Grammar as unlocking our Pasts | Humanities & Social Sciences

Grammar as unlocking our Pasts

Tuesday Seminar
Tanmoy Bhattacharya
Date and Time: 
Tue, 02/04/2024 - 3:30pm to 5:00pm
03:30 PM to 05:00 PM
Committee Room (MS-611) Department of Humanities and Social Sciences, 5th Floor, Main Building, Indian Institute of Technology Delhi.


Grammar as unlocking our pasts
Two cases will be taken up to show that our present is highly fractured:
(i) The puzzle of a Dravidian-Tibeto-Burman axis in terms of grammatical
structures with the exclusion of the Indo-Aryan group, although these
are probably the only two groups which were never in contact, as per all
existing accounts; and (ii) a surprising case of sharing of a robust and
complex grammatical feature between three different language groups
(Central Magadhan or "Bihari", Munda/ Austroasiatic, and Tibeto-Burman)
in the foothills of the Himalayas (and a bit beyond, but definitely
within the expected migratory corridor) that conspire to construe a
linguistic area or a _Sprachbund_ in the region. Finally, and time
permitting, it will be shown that this striking similarity across the
three different groups however is even more surprisingly lacking in the
“inner” T-B languages like Manipuri and the Naga languages. What
mysterious promiscuity in the past do these languages share?

Speaker Bio:

Tanmoy Bhattacharya is a Professor in the Department of Linguistics at the University
of Delhi in India. He has held research & academic positions at School of Oriental
and African Studies (University of London), Universität Leipzig (Germany),
University College London, Massey University (New Zealand), M. S. University
(Baroda), and University of Hyderabad. In the domain of syntax, he has carried out
extensive and original research on topics such as NP structures, WH-constructions,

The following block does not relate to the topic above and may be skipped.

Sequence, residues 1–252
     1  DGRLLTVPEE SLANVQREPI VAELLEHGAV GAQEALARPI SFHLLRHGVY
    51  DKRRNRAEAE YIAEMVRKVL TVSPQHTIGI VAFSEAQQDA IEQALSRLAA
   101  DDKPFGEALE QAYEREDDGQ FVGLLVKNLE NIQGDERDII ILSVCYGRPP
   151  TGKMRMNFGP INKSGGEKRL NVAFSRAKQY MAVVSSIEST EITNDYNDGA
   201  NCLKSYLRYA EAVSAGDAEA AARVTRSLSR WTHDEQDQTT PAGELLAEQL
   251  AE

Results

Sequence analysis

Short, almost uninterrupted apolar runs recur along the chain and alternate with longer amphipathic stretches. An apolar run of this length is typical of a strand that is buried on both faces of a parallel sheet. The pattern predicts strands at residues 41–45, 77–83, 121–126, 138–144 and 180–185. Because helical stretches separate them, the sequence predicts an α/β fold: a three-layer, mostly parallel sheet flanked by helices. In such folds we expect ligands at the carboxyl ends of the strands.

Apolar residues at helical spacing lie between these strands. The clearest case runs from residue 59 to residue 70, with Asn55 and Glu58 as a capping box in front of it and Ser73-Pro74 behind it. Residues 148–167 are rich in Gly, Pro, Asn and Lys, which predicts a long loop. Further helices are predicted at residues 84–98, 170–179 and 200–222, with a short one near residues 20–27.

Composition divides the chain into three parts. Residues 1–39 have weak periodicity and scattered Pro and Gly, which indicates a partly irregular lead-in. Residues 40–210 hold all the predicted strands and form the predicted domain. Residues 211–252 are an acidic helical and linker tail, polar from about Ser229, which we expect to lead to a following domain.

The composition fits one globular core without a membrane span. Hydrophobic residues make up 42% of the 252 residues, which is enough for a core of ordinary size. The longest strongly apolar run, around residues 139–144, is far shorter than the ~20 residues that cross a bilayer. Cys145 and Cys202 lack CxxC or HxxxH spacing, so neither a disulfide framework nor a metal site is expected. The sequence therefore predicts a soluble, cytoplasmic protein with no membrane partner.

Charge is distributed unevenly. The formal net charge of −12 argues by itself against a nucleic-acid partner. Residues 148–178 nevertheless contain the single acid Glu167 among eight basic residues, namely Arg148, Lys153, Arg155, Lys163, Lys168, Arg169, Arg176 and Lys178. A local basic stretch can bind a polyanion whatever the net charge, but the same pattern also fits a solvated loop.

superiority, sluicing, clause-internal complementizers and polar questions in a
number of Indo-Aryan and Tibeto-Burman languages. His most recent work has been on
the topic of agreement in which he has brought to the fore the importance of many
languages of Bihar (for example, Maithili, Magahi and Angika, among others),
Jharkahand, Odisha (languages such as Santali, Kurmali), Mizoram (namely, Mara) and
Nepal (viz. Bantawa) in forming a sprachbund of multiple agreement comprising a
vast chunk of the Himalayan foothills, the East, and Northeast of India.
He has been the member-convener of an UGC Committee on Disability and Higher
Education and the Coordinator of the Equal Opportunity Cell, University of Delhi.
He is currently the Chairperson, Expert Committee on development of training program
on Indian Sign Language, Rehabilitation Council India (RCI).
Apart from 87 journal papers/ book chapters, Prof. Bhattacharya has been the editor/
co-editor of four books published from Mouton, John Benjamins and Orient Blackswan.
He has delivered 220 invited/ conference talks till date at different conferences/
events. He has been the chief editor of Indian Linguistics (2015-2017) and is an
Associate Editor of Linguistic Variation, published from John Benjamins Publishing,
and is Chief Editor of the journal Indian Journal of Critical Disability Studies.